#182 – Inside Our Industry – Battery Belt: Powering Southeast Real Estate with EV DemandPosted on
Cushman & Wakefield, a leading global commercial real estate services firm, recently released a report from the Southeast US team that examines the impact of battery plants, EV manufacturing, and gigafactories on the Southeast’s commercial real estate market. We are sharing the Overview from the report below; click here for the full report that includes an interactive map.
Battery Belt: Powering Southeast Real Estate with EV Demand
Christa DoLalo and Alexis Forrest, Cushman & Wakefield
The Southeast has been a major automotive manufacturing hub for decades, emerging as a key location for auto assembly plants and production facilities in the 1980s and growing substantially through the 2000s. Since the Inflation Reduction Act (IRA) was signed in August 2022, 77 electric vehicle (EV) projects were announced in the U.S., totaling more than $80 billion in investments and nearly 49,000 in projected new jobs.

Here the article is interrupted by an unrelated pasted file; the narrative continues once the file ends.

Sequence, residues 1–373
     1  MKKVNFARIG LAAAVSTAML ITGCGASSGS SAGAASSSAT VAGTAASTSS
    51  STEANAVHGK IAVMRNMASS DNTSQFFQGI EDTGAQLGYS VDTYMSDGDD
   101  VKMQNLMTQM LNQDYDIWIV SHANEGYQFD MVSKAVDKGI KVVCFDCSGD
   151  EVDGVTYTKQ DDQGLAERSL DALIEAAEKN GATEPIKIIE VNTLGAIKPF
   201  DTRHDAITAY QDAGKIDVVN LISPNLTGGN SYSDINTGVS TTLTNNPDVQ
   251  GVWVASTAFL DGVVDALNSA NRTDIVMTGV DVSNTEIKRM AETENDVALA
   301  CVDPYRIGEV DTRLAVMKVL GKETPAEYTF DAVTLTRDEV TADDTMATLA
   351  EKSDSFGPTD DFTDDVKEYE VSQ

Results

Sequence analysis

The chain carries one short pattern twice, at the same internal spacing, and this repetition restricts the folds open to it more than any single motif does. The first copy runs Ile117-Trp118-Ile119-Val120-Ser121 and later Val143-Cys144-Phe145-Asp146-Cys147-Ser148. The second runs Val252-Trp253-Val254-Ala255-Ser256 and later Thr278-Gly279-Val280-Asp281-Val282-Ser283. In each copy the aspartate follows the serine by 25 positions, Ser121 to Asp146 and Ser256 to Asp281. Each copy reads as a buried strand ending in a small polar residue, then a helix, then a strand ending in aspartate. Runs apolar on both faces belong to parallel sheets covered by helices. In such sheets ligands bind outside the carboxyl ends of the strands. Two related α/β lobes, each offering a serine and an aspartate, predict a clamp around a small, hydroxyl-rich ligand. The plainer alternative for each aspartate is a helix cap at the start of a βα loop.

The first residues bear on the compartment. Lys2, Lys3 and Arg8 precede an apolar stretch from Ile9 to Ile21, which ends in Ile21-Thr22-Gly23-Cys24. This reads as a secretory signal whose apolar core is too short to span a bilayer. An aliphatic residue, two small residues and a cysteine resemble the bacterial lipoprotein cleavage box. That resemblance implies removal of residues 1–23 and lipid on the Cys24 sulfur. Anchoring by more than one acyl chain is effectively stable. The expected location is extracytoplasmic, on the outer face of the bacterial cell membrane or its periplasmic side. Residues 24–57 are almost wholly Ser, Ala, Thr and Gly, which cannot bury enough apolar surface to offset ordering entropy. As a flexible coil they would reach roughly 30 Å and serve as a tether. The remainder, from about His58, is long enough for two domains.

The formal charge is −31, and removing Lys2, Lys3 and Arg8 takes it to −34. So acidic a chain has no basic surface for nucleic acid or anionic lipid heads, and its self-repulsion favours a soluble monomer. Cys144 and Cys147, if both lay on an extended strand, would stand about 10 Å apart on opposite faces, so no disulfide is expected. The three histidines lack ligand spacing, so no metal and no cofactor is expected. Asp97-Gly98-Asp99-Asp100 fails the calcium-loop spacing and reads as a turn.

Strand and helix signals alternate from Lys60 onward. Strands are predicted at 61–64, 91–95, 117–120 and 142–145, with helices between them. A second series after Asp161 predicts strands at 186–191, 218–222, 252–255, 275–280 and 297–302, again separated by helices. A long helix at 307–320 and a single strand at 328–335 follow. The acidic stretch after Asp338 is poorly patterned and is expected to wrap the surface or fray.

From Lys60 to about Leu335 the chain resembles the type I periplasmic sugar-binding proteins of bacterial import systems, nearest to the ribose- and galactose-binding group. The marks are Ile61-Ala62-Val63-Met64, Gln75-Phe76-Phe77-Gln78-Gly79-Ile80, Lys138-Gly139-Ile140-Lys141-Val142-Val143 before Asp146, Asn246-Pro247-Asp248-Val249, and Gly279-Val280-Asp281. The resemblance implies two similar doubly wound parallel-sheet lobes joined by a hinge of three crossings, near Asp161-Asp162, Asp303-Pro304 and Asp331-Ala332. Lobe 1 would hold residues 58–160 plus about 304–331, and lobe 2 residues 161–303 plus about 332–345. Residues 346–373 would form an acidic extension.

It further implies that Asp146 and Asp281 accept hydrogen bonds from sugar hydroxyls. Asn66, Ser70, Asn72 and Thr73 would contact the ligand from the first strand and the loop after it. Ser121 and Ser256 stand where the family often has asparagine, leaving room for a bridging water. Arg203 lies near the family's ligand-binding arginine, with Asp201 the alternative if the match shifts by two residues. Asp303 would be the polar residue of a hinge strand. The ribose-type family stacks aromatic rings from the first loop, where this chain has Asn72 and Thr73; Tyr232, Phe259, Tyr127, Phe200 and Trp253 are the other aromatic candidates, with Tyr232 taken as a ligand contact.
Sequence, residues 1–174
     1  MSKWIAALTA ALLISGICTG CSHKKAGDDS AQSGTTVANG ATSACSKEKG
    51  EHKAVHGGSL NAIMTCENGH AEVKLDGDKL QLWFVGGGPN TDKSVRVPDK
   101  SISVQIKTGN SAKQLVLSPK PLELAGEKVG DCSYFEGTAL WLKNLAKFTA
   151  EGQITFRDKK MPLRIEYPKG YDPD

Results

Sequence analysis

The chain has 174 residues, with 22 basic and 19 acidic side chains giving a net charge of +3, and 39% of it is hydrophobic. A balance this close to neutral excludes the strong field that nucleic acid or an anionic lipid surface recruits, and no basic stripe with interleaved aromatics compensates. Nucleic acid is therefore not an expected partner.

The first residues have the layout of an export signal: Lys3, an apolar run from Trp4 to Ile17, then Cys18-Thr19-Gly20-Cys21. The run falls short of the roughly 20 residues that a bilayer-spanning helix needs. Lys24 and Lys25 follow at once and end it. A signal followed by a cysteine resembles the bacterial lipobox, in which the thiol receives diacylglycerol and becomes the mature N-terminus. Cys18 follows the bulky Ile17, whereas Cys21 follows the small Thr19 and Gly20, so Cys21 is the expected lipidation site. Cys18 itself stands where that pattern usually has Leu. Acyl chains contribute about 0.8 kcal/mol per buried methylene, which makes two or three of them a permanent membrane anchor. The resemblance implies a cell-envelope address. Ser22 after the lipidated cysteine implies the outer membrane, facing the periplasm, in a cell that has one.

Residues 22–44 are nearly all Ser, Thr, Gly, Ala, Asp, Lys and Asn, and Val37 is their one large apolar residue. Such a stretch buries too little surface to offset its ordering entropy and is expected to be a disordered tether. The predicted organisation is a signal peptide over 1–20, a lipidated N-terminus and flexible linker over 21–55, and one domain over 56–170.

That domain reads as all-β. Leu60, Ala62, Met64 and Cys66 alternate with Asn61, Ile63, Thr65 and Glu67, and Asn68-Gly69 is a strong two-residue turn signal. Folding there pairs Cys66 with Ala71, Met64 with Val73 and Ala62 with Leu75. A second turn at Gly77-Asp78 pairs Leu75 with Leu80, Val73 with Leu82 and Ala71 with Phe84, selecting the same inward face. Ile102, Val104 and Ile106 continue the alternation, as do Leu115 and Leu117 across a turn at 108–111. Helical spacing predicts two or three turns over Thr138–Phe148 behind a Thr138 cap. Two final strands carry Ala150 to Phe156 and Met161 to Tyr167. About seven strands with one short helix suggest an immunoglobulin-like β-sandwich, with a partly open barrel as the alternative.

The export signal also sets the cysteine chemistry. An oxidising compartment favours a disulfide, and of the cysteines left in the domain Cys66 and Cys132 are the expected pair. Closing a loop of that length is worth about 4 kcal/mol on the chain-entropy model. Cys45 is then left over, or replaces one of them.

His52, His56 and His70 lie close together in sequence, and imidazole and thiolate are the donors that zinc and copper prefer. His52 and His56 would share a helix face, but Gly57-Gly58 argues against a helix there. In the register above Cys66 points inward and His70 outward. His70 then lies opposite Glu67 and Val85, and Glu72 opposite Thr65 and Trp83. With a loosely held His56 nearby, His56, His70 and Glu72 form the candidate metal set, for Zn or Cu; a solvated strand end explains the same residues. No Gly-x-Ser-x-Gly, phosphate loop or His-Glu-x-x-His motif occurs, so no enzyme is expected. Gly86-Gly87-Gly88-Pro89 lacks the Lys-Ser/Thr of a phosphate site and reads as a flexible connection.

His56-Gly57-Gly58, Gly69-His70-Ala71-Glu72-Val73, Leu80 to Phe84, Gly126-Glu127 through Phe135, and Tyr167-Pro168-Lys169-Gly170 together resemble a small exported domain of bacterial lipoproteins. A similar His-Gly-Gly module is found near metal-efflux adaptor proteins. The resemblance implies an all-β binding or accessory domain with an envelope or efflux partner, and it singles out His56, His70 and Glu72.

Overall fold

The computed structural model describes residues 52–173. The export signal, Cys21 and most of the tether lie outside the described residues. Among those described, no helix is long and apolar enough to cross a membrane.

Nearly half (49.4%) of these projects are concentrated in the Southeast, earning the region a new moniker: The Battery Belt.
Gigafactories and electric battery production facilities are becoming a major driver of domestic and foreign direct investment amidst global efforts to transition the energy sector away from reliance on fossil fuels. This investment is critical to locales with existing automotive industries and is vital for the vehicle manufacturers.
Consequently, the Southeast’s well-established automotive manufacturing industry and the business-friendly state governments help position the region as a crucial player in shaping the industry’s future, providing an environment for technological advancements, production efficiencies, and sustainability initiatives. As corporations explore onshoring opportunities and look to expand battery production and manufacturing capacity, the landscape of industrial users in the Southeast has shifted.
Suppliers and secondary vendors, recognizing the strategic advantage of proximity, are purposefully situating themselves in the same geographic area as plants and auto makers. This spatial proximity not only reduces shipping costs but also increases overall production efficiency in the electric vehicle ecosystem.